• ex·per·i·ence noun1: having been affected by or learnedthrough observation or participation 2: the length of such participation
  • Eric’s 2nd Law of UX:User experience is the sum ofa series of interactions betweenpeople, devices, and events.
  • Eric’s 3rd Law of UX:There are three types of interaction:active, passive and secondary
  • Eric’s 4th Law of UX:UX design represents the consciousact of coordinating interactions,acknowledging interactions, andreducing negative interactions.
  • Three types of interaction: Active (things we control) Passive (things we don’t control) Secondary (things that have indirect influence)
  • Active interaction Photo courtesy of: musthavemenus.com
  • Active interactionCopyright could not be traced. Used for educational purposes only.
  • Passive interaction (partly)Photo courtesy of: johnmariani.com
  • Passive interactionPhoto by Massimiliano Uccelletti, photonet.com
  • Secondary interactionPhoto courtesy of: koit.radiotown.com
  • Secondary interactionPhoto courtesy of: tomatolover.com
  • UX design combines all three activites Coordinating interactions that we can control Acknowledging interactions beyond our control Reducing negative interactions
  • Coordinating interactions Photos courtesy of: Brooklyn Public Library, shipwrightsarms.com.au
  • Coordinating interactions Photo courtesy of: capetownwineblog.com
  • Coordinating interactions Photo courtesy of: Rootology under Wikipedia Commons License
  • Acknowledging interactions Photo courtesy of: TinyFarmBlog.com
  • Reducing negative interactionsPhoto courtesty of: kenlevine.blogspot.com
  • Reducing negative interactionsPhoto courtesy of: marchedimanche.typepad.com
  • Reducing negative interactionsPhoto courtesy of Andrew Sullivan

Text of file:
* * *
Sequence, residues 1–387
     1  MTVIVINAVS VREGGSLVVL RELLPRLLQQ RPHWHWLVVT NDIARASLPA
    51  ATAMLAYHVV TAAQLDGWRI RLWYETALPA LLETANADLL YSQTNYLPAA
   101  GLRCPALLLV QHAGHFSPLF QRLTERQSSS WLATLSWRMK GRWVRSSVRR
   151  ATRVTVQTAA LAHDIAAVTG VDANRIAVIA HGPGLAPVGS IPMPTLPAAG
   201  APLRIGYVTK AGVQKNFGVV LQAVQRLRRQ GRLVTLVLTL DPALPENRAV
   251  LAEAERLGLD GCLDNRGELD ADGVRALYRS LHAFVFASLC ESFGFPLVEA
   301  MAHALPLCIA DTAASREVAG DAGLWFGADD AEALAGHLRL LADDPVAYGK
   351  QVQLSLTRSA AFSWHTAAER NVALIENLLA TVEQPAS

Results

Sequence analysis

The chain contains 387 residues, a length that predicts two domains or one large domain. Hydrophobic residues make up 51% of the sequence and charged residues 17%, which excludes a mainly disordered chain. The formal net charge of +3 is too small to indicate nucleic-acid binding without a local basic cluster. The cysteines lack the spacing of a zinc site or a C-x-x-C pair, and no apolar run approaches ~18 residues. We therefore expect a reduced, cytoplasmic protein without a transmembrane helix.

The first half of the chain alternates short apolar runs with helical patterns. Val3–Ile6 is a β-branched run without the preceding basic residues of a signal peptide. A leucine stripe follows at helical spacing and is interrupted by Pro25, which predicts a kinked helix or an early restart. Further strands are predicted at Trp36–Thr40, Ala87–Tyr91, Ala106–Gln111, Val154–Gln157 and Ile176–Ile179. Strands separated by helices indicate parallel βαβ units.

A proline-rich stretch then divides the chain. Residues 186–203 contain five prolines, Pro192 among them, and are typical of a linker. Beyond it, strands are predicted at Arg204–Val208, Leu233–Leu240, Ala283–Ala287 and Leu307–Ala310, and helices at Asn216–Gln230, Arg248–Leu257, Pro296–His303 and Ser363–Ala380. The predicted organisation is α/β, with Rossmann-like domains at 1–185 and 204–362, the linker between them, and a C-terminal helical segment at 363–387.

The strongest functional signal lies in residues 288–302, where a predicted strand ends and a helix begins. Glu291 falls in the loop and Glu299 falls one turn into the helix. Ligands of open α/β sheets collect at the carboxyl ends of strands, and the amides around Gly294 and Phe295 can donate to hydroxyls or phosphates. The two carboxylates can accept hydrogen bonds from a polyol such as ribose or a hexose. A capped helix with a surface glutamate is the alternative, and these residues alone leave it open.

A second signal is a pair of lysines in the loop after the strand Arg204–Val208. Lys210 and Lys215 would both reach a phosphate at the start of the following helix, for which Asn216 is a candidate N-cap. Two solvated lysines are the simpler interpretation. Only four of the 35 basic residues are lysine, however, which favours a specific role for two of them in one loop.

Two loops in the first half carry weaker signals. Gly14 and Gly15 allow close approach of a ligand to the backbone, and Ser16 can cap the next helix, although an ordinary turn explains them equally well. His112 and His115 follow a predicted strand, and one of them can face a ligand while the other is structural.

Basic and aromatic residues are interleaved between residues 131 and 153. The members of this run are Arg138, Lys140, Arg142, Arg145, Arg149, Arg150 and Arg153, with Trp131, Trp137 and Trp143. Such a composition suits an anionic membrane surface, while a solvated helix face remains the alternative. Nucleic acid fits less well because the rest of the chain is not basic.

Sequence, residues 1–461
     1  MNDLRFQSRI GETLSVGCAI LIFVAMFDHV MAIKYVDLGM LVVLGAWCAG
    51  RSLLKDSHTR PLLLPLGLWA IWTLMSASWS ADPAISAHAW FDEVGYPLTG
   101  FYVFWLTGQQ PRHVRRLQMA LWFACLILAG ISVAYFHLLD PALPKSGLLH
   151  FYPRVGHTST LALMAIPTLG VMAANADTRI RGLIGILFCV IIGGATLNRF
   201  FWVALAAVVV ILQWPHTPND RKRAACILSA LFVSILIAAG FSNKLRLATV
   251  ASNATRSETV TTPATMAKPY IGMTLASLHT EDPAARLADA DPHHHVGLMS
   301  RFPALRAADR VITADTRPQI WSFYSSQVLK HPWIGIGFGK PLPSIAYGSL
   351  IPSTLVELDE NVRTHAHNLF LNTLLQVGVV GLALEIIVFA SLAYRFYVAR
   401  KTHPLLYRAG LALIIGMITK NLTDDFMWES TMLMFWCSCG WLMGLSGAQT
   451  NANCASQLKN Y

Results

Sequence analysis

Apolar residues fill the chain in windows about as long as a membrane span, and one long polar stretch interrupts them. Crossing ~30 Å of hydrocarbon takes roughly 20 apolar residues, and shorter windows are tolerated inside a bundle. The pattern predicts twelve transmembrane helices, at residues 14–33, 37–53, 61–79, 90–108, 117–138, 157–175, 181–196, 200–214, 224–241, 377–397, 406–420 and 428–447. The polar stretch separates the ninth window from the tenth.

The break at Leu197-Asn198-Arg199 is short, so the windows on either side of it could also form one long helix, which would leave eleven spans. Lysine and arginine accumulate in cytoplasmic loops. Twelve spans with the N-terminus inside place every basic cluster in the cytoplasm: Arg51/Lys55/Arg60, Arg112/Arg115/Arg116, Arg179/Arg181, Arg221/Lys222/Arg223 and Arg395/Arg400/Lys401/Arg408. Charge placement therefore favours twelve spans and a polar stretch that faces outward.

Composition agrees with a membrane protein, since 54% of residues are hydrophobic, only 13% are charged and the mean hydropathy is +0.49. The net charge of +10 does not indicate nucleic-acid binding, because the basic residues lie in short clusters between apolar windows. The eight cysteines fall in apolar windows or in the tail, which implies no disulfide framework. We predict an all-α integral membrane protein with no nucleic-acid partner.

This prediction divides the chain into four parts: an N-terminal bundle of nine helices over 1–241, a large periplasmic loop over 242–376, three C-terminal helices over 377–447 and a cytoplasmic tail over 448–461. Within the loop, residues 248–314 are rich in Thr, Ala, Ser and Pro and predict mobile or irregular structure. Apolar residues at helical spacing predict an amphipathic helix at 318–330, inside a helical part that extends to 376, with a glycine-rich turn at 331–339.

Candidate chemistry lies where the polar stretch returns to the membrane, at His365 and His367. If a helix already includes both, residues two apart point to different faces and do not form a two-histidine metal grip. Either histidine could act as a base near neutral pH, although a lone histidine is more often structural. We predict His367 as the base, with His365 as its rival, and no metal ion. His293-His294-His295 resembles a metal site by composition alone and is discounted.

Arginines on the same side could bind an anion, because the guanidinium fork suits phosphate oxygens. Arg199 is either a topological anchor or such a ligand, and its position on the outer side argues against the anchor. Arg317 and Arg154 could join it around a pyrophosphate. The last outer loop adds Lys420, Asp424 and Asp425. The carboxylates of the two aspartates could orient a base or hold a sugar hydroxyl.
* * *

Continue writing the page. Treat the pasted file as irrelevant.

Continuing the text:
• Mapping and evaluating
  • Mental modelSource: boxesandarrows.com / Indie Young
  • Customer journey mapSource: www.thisisservicedesignthinking.comConcept and design: Marc Stickdorn & Jacob Schneider
  • Step 1: research Contextual enquiry Interviews Focus groups Surveys and feedback forms Personal observation
  • Step 2: prepare a scenario (X-log) Write down all possible touchpoints  Use file cards or stickies Arrange them so they create a linear flow Tell the story to a colleague (without manus)  This will show you where you need to fix the story
  • Step 3: write scenario (X-log)My family (my wife, myself, and our two kids) decided to go to the movies. We checked the internetand found the website for our local cinema complex after a quick search on Google. But we had toclick three times to get to the program page and wait through a silly animated ad for a movie thathadn’t even been released yet. Worse still, we were forced to download a pdf to find out the specificmovie names and playing times. And after all that, we couldn’t even order tickets online, much lesspurchase them, so we couldn’t avoid waiting in line when we arrived. You’d think a big four-screencomplex would have a more sophisticated website. But we did find out what was showing, decided tosee the latest Harry Potter movie, and piled into the car.Finding a parking place was easy. The theater has a big lot, which is important since driving to thisparticular theater is really our only option. Just as we were leaving the car, it really started to rain, buthappily, the entrance wasn’t far away.There were three ticket windows open, so the lines were short. The girl behind the counter was noisilychewing gum and barely looked up during the entire transaction. In fact, she didn’t say a single word tome except to ask for the money. Wow, prices have really increased this past year. I was surprised athow expensive it was.The lobby was inviting and quite clean. We bought popcorn and soda at the concession and found ourway to our particular auditorium. It was easy to spot the signs pointing the way. As we approached, wenoticed overflowing trashcans with popcorn and other garbage from previous audiences.The seats were well-marked and easy to find. The seating was comfortable but there was old popcornunderfoot. The temperature in the room was pleasant, although all of the wet people made it get a littlesteamy. The sound was great and really enhanced the special effects, so we really enjoyed the movie.When we left, there was a nice usher, who opened the exits and wished us a pleasant evening as wewent out. And it had stopped raining. A nice end to a nice family outing.